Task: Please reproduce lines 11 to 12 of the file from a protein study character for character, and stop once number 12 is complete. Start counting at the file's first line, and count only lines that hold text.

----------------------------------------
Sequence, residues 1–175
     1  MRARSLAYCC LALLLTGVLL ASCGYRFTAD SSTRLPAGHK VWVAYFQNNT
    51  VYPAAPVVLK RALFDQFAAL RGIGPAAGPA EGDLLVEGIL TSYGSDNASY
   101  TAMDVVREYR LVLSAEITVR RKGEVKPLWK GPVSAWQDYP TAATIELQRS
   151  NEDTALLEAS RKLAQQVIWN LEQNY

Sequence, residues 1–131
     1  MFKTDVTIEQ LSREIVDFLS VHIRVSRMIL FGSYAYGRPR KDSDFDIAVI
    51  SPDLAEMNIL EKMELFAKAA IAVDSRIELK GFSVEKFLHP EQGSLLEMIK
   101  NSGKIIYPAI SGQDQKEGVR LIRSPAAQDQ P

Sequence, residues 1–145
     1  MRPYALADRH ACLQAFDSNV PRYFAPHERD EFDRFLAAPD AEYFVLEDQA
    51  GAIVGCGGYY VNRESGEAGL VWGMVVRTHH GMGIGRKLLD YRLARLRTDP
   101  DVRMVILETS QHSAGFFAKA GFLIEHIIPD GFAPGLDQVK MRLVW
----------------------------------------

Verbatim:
     1  MRPYALADRH ACLQAFDSNV PRYFAPHERD EFDRFLAAPD AEYFVLEDQA
    51  GAIVGCGGYY VNRESGEAGL VWGMVVRTHH GMGIGRKLLD YRLARLRTDP